When the shipment is completed, the claims made by exporters who have supporting documents for export are carefully processed. Once the eligibility requirements have been met and the bank has the authority to accept the loan amount directly from the respective government officials, The bank will sanction the advance against duty drawback.
The passage is provided at a lower interest rate for 90 days. Today the customs department is not taking long to pay duty drawbacks if all documents are in order. It should be noted that financing is provided to an exporter only if the same bank offers another financing for exports to the seller.
Main Differences Between Pre-shipment and Post-shipment in Points
The information below is essential in terms of the distinction between pre-shipment and post-shipment financial services:
- Pre-shipment finance is a solution offered to exporters to make their purchases needed for packaging, processing, and processing before the product is delivered. Contrarily post-shipment financing is a type of loan or advance that fulfils exporters' liquidity or cash needs between the day the goods are delivered and the payment is made.
- The principal goal of pre-shipment financial services is to provide enough funds to assist exporters with getting the raw materials, labour, and other supplies needed to manufacture packages, store, and ship the merchandise. In contrast, the primary objective of post-shipment financing is to provide the funding of export receivables with the delivery of the documents to the exporter's bank until the realization of profits from export products.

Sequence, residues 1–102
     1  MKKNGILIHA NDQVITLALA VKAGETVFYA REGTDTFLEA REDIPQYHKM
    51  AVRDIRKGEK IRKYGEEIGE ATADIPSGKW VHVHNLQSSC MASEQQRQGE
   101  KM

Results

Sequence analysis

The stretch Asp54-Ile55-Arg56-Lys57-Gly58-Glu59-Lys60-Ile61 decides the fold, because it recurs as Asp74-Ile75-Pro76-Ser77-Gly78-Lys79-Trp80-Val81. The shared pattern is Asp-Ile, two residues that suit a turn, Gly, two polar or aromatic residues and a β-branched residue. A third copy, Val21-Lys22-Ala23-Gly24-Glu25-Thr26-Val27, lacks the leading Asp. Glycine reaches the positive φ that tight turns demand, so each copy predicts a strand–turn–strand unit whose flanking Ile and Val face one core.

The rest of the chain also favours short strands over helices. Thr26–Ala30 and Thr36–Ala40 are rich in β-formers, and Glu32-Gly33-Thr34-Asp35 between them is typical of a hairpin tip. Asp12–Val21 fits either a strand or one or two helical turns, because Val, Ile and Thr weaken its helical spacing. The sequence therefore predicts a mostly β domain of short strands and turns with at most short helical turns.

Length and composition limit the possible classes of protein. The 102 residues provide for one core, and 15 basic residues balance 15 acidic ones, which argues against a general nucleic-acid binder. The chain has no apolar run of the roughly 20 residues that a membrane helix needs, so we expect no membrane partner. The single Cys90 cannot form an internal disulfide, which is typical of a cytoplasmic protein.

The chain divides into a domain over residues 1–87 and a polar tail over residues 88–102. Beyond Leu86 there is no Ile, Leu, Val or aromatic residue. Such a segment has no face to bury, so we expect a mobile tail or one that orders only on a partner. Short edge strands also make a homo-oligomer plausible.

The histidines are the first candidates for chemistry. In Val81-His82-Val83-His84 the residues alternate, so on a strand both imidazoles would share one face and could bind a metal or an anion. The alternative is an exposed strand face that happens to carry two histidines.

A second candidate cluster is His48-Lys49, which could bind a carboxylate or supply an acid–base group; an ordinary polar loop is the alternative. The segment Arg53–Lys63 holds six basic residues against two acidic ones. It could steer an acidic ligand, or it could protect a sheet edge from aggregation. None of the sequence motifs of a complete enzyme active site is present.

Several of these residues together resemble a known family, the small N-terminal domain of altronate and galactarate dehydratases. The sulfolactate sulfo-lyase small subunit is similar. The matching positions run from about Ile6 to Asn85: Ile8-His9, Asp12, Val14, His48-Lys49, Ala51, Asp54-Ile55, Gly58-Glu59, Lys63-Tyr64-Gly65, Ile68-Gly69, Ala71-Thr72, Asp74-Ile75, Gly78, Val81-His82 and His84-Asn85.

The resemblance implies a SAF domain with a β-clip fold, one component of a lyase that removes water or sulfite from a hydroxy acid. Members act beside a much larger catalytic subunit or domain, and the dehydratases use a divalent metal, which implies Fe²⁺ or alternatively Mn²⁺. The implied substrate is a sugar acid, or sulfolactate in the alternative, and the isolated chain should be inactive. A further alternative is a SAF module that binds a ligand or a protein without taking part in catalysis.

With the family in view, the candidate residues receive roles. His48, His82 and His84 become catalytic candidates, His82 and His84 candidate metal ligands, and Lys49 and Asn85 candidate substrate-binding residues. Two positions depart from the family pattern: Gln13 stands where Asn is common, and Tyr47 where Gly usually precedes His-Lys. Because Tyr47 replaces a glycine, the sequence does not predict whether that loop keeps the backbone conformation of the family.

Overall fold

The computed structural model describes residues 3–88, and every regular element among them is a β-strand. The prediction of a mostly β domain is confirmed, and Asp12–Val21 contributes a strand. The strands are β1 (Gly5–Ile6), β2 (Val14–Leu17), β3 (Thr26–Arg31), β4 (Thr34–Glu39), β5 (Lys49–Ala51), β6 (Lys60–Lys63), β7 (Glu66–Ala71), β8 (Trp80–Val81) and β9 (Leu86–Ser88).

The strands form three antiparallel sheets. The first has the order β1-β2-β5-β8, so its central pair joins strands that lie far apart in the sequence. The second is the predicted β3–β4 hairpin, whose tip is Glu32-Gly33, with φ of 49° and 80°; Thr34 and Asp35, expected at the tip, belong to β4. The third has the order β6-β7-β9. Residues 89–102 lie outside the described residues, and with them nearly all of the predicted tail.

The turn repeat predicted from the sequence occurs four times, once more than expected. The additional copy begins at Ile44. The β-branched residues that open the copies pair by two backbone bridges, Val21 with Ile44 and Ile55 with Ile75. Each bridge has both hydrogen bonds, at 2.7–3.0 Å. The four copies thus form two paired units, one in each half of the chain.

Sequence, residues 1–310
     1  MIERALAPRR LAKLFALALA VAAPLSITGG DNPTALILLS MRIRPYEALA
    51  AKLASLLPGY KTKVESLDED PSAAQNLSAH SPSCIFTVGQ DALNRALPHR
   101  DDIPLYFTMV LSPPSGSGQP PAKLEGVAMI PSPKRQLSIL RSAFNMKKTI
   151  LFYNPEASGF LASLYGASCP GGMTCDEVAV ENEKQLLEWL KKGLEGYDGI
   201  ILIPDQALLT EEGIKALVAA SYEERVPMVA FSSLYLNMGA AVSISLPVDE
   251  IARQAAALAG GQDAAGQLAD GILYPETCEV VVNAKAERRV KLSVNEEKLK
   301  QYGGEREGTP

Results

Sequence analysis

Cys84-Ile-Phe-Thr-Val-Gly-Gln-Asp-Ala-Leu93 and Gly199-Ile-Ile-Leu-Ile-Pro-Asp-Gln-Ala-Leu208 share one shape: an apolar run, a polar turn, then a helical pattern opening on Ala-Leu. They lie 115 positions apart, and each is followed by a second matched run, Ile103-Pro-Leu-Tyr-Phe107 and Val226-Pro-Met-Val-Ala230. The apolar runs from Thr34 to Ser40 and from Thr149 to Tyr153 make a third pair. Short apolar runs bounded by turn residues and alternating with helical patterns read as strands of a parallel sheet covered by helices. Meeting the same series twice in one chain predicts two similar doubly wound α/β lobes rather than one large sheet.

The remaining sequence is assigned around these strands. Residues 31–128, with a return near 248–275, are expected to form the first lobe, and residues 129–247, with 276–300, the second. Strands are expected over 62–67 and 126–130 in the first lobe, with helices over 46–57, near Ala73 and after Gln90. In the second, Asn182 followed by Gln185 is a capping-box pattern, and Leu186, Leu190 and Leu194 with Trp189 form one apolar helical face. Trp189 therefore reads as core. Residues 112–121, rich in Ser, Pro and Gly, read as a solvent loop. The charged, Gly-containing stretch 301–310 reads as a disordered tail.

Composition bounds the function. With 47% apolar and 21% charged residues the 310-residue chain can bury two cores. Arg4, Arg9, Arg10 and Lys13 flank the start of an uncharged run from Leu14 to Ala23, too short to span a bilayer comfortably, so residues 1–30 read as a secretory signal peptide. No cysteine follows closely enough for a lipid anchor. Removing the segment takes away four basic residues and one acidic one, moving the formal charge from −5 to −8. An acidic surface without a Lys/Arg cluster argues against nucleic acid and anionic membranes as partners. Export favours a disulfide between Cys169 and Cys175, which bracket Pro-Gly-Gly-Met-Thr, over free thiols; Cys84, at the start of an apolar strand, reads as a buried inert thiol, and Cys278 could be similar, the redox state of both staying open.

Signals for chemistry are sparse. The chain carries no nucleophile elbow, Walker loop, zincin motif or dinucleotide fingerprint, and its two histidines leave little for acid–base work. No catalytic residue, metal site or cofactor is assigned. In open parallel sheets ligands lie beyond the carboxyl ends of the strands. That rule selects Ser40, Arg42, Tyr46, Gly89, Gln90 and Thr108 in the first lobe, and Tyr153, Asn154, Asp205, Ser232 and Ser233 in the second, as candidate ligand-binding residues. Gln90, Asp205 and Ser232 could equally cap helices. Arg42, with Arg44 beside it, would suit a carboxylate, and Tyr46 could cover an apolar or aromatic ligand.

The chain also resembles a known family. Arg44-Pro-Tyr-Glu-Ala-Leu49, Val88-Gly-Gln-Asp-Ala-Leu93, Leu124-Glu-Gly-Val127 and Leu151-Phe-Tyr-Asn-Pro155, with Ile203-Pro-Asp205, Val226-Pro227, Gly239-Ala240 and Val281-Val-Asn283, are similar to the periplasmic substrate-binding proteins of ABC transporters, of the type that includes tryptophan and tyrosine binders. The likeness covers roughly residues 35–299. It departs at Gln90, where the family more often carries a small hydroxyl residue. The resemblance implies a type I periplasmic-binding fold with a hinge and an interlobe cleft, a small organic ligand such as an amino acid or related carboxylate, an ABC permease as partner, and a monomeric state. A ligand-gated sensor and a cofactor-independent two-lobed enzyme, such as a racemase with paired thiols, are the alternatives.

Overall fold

- To be eligible for pre-shipment financing, those who qualify are an Export company that has an Export order or LoC in its favour or a company that has no export document or LoC; however, its export products are shipped through merchant exporters as well as the export house. On the other hand, Post-shipment finance can be given to the exporter when the merchandise is delivered by him or the person to whom documents regarding the export are transferred.
- In terms of the repayment source, the money of the contract is the primary source in the case of pre-shipment financing, while the export proceeds are the primary source of post-shipment finance.
- Pre-shipment finance entails both performance and payment risk post-shipment finance covers the risk of payment only.
- Concerning the amount of finance, in pre-shipment financing, no formula exists to calculate the amount of funding that can be extended to exporters. In contrast, up to 100 percent of the invoice value of the goods shipped may be granted post-shipment financing.
Pre-shipment financing is offered to the exporter for an initial period because the term implies working capital financing. In contrast, post-shipment finance can be extended either for a short or extended period, depending on the specifics of the trade.
The business of exporting and importing is risky.
Risks can be prevented by the financial aid that banks offer to exporters. Furthermore, the pre-shipment remains the sole responsibility of the exporter, whereas post-shipment may assist buyers as well. This will help them get their markets ready for items to be sold.
International trade requires support from the Government as well. The countries that participate in the trading have their banks backed by their respective governments. This is a decent object for the popular of realms. Exporters are cautious and can determine this aspect before beginning the business.